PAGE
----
Information Theory addresses some fundamental questions about systems that store or communicate data.

• Most electronic communication channels are noisy. Telephone and radio channels are more obviously so, but even coaxial cables and fiber optic links will occasionally ``flip a 0 to a 1,'' especially if we try to push data through them at ever increasing rates. How can one send data in an essentially error-free manner over such noisy communication channels? What is the ultimate transmission rate that a channel can support?
• Many electronic storage systems employ some form of data compression. Data compression is also used for transmission in order to reduce the amount of data that needs to be transmitted. What is the ultimate compression factor that can be achieved while guaranteeing perfect recovery of the compressed data? What more can be achieved if one is willing to tolerate some prespecified small distortion of the recovered data (as in images or video)?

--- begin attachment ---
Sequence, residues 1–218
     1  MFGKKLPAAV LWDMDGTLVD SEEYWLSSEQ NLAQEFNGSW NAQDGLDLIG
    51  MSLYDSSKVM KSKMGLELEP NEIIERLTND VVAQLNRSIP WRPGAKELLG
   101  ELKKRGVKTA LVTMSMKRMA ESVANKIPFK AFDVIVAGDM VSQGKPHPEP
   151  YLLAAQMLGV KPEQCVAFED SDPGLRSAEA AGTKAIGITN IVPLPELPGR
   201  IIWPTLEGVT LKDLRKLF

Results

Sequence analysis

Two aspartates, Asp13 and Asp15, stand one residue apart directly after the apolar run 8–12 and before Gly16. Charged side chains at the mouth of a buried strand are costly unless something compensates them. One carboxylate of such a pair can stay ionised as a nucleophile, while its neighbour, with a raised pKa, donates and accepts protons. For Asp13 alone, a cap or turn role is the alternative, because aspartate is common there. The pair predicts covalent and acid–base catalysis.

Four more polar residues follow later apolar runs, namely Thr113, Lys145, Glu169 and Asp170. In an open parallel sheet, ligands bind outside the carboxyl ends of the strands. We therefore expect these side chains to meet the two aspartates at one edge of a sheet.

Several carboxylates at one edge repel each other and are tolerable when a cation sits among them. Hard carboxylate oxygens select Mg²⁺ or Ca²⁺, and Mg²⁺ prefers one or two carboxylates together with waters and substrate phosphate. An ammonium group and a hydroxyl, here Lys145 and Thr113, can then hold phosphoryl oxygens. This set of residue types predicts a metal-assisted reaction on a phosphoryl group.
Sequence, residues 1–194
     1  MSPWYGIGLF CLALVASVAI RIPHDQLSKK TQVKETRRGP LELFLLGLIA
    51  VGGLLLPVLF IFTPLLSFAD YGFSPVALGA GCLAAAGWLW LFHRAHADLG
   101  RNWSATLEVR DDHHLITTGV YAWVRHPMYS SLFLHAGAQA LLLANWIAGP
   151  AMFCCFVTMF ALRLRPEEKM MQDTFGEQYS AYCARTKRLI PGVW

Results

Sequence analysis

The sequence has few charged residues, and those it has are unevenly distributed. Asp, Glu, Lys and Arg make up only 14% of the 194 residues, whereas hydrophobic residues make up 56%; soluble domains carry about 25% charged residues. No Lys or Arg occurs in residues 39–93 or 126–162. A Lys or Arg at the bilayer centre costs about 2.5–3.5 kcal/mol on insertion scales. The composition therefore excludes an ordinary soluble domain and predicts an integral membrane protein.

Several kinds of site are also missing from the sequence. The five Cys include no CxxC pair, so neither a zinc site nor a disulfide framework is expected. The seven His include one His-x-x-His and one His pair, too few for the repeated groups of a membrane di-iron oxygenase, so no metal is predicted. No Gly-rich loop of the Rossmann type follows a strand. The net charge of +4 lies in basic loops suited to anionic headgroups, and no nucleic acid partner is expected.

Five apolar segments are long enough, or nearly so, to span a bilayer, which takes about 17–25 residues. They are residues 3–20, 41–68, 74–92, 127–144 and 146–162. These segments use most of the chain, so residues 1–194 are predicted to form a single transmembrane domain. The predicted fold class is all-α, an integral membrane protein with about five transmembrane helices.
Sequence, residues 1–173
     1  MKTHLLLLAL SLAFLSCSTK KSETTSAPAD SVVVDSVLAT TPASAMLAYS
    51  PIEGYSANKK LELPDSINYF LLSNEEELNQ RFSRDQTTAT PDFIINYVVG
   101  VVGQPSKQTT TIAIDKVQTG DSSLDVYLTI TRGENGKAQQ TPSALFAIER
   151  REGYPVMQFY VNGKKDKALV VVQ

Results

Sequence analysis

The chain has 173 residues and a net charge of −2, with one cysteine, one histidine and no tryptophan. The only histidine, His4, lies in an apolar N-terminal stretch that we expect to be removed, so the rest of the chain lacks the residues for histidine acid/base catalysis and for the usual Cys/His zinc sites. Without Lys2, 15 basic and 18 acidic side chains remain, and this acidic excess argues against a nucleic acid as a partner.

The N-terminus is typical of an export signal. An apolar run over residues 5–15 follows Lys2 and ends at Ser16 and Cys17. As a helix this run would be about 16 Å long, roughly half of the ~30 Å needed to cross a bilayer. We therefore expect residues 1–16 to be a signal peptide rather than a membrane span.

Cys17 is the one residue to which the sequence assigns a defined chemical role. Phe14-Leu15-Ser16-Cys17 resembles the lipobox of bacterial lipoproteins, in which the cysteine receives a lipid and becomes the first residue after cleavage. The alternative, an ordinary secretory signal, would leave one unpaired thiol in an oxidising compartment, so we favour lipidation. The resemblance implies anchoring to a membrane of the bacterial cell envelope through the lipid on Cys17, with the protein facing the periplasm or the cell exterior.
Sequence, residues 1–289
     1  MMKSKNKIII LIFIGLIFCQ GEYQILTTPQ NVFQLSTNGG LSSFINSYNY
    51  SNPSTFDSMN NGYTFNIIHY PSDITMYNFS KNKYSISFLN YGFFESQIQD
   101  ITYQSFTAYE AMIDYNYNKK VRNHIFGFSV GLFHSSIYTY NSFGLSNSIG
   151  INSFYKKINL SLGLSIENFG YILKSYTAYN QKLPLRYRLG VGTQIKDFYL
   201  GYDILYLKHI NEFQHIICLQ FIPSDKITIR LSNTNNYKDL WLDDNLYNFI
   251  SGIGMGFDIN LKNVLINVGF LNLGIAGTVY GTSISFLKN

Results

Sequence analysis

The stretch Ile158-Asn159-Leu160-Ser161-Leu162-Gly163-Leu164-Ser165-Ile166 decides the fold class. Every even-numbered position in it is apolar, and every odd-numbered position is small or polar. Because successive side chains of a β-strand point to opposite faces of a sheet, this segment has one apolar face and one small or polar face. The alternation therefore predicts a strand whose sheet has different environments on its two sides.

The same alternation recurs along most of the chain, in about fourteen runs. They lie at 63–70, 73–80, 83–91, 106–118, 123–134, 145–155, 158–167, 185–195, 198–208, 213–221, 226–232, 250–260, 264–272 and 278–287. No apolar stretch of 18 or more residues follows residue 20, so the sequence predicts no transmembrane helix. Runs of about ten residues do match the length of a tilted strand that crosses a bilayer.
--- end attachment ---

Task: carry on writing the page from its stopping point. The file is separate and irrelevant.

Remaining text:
The answer to the first set of questions leads to the concept of Channel Capacity, and the second set to Entropy. Information Theory is therefore an essential weapon in a communication engineer's arsenal.

Information Theory, due to the nature of its subject matter, also makes fundamental contributions to statistical physics (thermodynamics), computer science (string complexity), economics (optimal portfolios), probability theory (large deviations) and statistics (Fisher information, hypothesis testing). This makes Information Theory a useful tool for students of other disciplines.

Course Description (Syllabus)

Learn about Claude E. Shannon's description of information (shannon.pdf) and realize how it limits reliable communication over noisy channels. Find out about the early days of error control coding (1950-1970) and acquire a fundamental understanding of algebraic coding theory. Identify the different constraints of error control coding in applications such as deep space communications (e.g. Voyager, Giotto), storage (e.g. CD-ROM, hard disk drives), optical and wireless communications (e.g. IS-95, GSM, CDMA 2000, UMTS) (1970-today). Discover the fascinating concept of concatenated coding and iterative (turbo) decoding, an information processing technique that finds its analogy in turbo engines (1993-today). Study how iterative processing lets us approach Shannon's limits.